“The Blue Book says we’ve got to go out, but it doesn’t say a damn thing about having to come back…”

The Grumman Aircraft Engineering Corporation developed the Albatross based on a late 1940s U.S. Navy requirement for a general purpose transport that could operate from land or water and, with skis, from snow and ice.  The Albatross was a continuation of the Grumman line of amphibians, which was spawned in the 1930s and included the Duck, Goose, Widgeon, and Mallard.  On October 24, 1947, the first Albatross prototype took to the air.  During the aircraft’s production run, which stretched from September 1947 through May 1961, Grumman constructed 466 Albatross amphibians.  Ultimately, the U.S. Coast Guard obtained a total of 91 Albatross.  Grumman delivered the first Albatross, #1240, to the U.S Coast Guard from its Bethpage, Long Island factory on May 7, 1951.

WING SPAN: 80 feet
LENGTH: 60.6 feet
TOP SPEED: 240 mph at 7,600 feet
RANGE: 2,660 miles at 1,800 feet
POWERPLANT: Two Wright Cyclone R-1820-76A/B radial piston engines
WEIGHT: Empty – 22,883 pounds; Maximum at Takeoff – 35,700 pounds

The 91 Albatross delivered by Grumman would help form the backbone of the U.S. Coast Guard’s aviation arm for the next 25 years.  The National Advisory Committee on Aeronautics helped design the compartmentalized hull, which was rated to operate in 4.5 foot seas.  However, the Albatross endured much worse conditions.  In one instance, after successfully landing to rescue downed airmen in 16 foot seas and unable to take back off, the pilot proceeded to motor 98 miles back to base.  For many years, the unofficial U.S. Coast Guard nickname for the amphibious aircraft was the “Goat.”  Cumulatively, the dependable aircraft would log over 500,000 flight hours for the U.S. Coast Guard. On March 10, 1983, at 2:30 p.m., the last surviving operational example of a fixed-wing amphibious aircraft to be operated by the U.S. Coast Guard or any branch of the military was withdrawn from active service.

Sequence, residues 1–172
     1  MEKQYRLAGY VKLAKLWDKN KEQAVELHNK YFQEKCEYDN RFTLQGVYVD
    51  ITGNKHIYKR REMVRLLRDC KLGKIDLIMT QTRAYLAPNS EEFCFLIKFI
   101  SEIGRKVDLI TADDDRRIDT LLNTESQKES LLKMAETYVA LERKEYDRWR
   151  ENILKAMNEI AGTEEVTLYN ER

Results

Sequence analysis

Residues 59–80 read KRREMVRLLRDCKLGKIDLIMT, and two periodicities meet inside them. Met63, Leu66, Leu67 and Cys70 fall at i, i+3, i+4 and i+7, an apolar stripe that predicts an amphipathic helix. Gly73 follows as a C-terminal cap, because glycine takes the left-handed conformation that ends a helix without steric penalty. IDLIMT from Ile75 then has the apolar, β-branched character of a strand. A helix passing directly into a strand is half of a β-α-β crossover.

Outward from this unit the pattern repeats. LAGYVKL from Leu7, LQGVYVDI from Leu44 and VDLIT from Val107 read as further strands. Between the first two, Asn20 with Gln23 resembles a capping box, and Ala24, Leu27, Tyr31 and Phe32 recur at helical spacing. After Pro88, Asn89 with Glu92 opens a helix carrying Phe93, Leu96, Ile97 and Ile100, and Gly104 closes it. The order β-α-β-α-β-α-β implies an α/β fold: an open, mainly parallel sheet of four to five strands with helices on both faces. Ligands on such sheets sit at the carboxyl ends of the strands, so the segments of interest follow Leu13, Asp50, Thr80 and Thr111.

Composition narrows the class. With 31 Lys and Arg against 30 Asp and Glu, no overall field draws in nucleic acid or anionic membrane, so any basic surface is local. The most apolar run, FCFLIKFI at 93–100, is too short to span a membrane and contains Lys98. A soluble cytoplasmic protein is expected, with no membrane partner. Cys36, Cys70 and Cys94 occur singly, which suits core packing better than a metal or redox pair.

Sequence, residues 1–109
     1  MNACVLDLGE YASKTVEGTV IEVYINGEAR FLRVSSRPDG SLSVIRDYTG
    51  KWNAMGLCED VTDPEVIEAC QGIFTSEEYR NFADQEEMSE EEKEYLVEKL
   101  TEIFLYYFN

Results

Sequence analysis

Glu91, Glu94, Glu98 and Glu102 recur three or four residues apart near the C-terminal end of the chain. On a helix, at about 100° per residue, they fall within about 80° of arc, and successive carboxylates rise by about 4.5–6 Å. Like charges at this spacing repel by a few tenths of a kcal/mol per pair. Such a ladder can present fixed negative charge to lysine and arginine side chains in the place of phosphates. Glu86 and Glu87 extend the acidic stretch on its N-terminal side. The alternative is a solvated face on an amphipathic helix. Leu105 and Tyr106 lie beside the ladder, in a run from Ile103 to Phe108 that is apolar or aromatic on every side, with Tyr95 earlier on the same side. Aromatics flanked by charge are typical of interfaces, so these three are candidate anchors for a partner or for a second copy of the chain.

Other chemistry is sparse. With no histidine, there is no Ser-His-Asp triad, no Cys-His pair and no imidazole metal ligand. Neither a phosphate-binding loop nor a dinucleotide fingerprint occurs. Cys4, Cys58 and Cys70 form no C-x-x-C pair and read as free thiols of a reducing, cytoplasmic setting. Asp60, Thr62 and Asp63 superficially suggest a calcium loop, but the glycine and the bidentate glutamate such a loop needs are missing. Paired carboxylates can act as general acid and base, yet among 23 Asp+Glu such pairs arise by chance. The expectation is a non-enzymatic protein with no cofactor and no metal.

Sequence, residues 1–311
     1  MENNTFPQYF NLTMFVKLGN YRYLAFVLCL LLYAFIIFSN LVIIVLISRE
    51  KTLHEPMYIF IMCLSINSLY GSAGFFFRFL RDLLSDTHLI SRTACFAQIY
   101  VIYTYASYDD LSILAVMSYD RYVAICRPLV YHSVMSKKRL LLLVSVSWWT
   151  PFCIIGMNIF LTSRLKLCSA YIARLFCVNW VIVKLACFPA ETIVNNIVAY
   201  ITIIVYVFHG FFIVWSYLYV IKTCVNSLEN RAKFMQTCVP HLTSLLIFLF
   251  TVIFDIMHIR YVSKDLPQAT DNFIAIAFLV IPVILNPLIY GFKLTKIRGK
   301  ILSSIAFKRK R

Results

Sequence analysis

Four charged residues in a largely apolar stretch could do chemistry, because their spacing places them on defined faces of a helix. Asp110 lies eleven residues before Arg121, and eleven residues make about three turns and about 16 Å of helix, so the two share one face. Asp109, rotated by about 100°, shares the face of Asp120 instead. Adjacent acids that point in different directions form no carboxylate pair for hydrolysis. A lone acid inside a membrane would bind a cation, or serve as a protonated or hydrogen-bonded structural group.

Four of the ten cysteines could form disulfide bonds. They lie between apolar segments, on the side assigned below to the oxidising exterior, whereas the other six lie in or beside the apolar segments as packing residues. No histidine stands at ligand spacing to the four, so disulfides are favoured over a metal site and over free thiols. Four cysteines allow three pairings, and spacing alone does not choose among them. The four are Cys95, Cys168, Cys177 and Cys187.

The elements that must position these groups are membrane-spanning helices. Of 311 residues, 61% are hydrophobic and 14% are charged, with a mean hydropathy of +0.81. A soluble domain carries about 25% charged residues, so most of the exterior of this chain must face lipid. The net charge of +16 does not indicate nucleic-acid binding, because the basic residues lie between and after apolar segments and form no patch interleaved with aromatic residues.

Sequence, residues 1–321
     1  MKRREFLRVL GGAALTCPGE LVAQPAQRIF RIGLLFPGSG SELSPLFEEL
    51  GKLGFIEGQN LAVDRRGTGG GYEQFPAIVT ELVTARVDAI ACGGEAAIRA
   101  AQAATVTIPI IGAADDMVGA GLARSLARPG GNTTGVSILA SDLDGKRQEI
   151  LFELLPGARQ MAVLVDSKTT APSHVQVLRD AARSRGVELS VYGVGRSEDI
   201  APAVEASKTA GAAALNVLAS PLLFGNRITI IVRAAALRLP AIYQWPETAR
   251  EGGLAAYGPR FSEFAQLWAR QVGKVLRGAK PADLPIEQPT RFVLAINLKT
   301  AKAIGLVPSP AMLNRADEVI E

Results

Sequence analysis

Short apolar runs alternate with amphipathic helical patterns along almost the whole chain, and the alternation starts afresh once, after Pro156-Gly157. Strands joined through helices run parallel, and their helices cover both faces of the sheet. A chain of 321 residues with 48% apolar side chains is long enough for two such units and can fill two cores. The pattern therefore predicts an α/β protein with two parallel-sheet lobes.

UF-2G Albatross #1240 was assigned to C.G.A.S. St. Petersburg.  On the evening of March 5, 1967, the 40-foot yacht Flying Fish became disabled and began sinking, which prompted her captain to make a distress call.  Lt. Clifford E. Hanna and a crew of five boarded UF-2G Albatross #1240 and flew north towards Carrabelle to assist the sinking vessel.  Even though heavy fog blanketed the area, Lt. Hanna located the Flying Fish just before 9:00 P.M.  The Albatross made a low pass to drop a dewatering pump to the sinking yacht.  The pump was successfully dropped with near perfect precision, however, as the aircraft disappeared into the foggy night following the low-level pass, a loud noise cracked across the dark Gulf of Mexico. 



The captain of the Flying Fish reported seeing an orange glow “like a camp fire” approximately two miles southeast of his position. The crash was believed to have occurred about 22 miles east of Apalachicola; 20 miles south-southeast of Dog Island Light; 8 miles from the Carrabelle Sea buoy. Over the next several days a small armada of U.S. Coast Guard and Navy vessels combed the area.  Numerous Coast Guard aircraft, as well as Navy aircraft using magnetic anomaly detectors, probed the Gulf of Mexico.  The searchers were unable to find the aircraft, though they did find the bodies of pilot Lt. Hanna, copilot Lt. (J.G.) Shaw, and crewman Studstill.  As Lt. Hanna was found tied to a float tank and had a pen flare gun with two expended cartridges in his flight suit, it was apparent that at least some of the crew survived the initial crash.  The three remaining servicemen and the wreck of the UF-2G Albatross #1240 were never found.

Lieutenant Clifford E. Hanna (U.S. Coast Guard Aviator #1061)
Lieutenant, Junior Grade, Charles F. Shaw (U.S. Coast Guard Aviator #1199)
First Class Aviation Machinist Mate Ralph H. Studstill
First Class Aviation Electronics Technician Eckley M. Powlus, Jr.
Second Class Aviation Electronics Technician James B. Thompson
Third Class Aviation Electrician’s Mate Arthur L. Wilson


In July 2006, A.U.E. divers investigated the wreck of an unidentified aircraft resting offshore Carrabelle.  The site was dominated by the aircraft’s wing and two radial engines.  Both engines had become dislodged from their mounts, though no trace of their propellers was observed.  The nose was heavily damaged, and the cockpit was all but absent.  The lower hull of the fuselage was largely collapsed, which complicated the initial identification as an amphibious aircraft.  The aft portion of the fuselage was fractured, with the tail resting parallel to the wing and on its starboard side.  The horizontal stabilizers appeared to be missing from the tail assembly.  Based on the diagnostic features observed on the wreckage, the location of the site in relation to the historical account of the crash, the lack of other documented aviation accidents in the general area, and expert opinions from veteran Grumman Albatross mechanics and pilots, we conclude the previously unidentified aircraft wreck off Carrabelle is missing U.S. Coast Guard UF-2G Albatross #1240.  The site has potential significance because the wreck represents the very first Grumman Albatross delivered to the U.S. Coast Guard.  According to Federal Aviation Administration records, there are only 11 Grumman Albatross representative of UF-2G (later designated HU-16E) #1240 currently flying.